IT projects are still failing with depressing regularity – in the past year the Ministry of Justice gave up on a failed £56m IT project while the BBC’s high profile IT project failure cost £98.4m. IT projects are continuing to fail for the same reasons they always have –poorly defined requirements, lack of stakeholder engagement, changes in staffing and technology. The fact is, these issues – that have been identified over and over again – would have been spotted at an early stage and could have been handled far more effectively if mature risk management practices had been in place. The need for a risk management approach to IT projects is pressing.
The Royal Academy of Engineering and the BCS has drawn up a definitive list of ‘Challenges of Complex IT Projects’. They found that too often there is no clear link between the project and the organisation’s strategic priorities, including basics such as how the organisation would measure the success of a project. Another issue is the absence of clear senior leadership, combined with failure to engage with stakeholders to understand their needs and their perceptions of risk. There is more – lack of training, knowledge and formal risk tools and techniques are also big challenges.
How will risk management address all these challenges? Start by insisting that objectives are documented and mapped to support organisational goals. That shiny new hardware refresh is not going to happen unless it is part of the wider organisational plan. With the objectives in place, the next step is to look pragmatically at the risks. The usual interpretation of ‘risk’ is as a negative threat – what if a key person leaves or a competitor develops the product first? In fact, risks may also be positive such as opportunities to improve a product or service during development in response to new tech.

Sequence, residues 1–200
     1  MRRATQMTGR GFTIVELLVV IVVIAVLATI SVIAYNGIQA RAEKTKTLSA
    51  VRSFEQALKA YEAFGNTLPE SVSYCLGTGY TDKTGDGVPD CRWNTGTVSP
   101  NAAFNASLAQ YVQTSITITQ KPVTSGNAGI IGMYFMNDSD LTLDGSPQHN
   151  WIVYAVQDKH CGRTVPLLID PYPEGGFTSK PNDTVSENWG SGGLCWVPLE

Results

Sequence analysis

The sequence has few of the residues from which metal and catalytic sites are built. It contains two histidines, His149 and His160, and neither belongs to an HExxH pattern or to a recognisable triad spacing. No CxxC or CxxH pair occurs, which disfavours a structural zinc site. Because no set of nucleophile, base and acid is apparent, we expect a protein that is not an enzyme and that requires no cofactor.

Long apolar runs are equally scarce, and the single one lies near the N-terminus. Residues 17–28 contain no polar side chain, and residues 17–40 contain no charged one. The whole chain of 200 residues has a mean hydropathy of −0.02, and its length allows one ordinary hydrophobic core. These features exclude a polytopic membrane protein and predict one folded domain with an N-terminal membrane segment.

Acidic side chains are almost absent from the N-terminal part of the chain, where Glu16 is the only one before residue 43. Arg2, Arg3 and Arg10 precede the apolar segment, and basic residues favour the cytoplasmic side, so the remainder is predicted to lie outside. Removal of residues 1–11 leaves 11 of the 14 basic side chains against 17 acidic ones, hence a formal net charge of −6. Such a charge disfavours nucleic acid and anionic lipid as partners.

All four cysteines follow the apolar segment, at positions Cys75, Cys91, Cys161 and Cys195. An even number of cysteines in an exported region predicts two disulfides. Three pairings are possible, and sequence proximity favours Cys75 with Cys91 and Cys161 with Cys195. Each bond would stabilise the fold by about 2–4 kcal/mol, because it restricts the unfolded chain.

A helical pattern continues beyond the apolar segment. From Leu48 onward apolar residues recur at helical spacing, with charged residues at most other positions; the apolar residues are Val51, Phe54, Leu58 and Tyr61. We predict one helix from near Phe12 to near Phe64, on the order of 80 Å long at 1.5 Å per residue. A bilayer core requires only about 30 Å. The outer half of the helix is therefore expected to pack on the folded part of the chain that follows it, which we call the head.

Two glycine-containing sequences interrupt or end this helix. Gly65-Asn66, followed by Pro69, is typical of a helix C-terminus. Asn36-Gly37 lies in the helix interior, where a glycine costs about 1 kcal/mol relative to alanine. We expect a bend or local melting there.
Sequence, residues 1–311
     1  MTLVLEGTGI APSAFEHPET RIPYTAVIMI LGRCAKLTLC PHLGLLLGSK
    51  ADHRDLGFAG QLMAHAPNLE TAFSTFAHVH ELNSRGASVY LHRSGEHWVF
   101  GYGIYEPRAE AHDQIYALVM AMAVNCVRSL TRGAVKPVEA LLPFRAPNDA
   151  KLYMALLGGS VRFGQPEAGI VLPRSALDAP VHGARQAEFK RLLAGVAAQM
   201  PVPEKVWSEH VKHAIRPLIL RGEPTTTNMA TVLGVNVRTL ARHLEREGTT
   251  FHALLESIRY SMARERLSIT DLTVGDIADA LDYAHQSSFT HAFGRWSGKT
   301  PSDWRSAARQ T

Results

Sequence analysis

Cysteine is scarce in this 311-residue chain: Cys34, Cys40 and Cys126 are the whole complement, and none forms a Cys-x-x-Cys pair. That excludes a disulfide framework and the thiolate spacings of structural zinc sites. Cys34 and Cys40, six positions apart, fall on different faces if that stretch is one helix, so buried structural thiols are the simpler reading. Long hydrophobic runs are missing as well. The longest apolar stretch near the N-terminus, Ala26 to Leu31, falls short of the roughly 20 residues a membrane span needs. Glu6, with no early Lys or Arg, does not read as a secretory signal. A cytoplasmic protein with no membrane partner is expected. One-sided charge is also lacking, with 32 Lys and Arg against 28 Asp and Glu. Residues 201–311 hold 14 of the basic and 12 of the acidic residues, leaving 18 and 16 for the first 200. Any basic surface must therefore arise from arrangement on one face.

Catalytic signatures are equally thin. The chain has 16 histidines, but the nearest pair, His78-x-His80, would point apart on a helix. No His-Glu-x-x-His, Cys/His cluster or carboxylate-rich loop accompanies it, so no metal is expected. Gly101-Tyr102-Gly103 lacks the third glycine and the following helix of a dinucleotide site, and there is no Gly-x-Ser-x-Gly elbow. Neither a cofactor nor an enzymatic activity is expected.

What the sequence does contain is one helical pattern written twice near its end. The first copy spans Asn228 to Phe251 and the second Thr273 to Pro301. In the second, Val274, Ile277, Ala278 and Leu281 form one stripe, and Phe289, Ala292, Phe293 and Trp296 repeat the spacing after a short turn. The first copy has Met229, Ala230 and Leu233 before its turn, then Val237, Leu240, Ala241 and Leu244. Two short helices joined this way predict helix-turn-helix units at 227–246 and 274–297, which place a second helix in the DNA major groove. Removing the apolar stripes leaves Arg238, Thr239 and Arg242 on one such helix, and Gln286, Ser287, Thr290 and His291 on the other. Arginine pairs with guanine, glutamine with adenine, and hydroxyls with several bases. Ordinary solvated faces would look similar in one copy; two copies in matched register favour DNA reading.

IT projects can be long and complex but there is help out there for organisations crying out for a way of ensuring IT projects will progress with a full understanding of the risks. The M_o_R Guidance for Practitioners, derived from the ISO31000 guidance on risk offers advice and practical techniques to help develop a best practice approach to risk management. It provides a complete list of generic risk management roles and responsibilities that can be tailored to suit the project size and complexity. With risk management as the beating heart of IT projects, CIOs will be in a much better place to bring in projects painlessly, on time and on budget.
To find out more about Risk Management click here.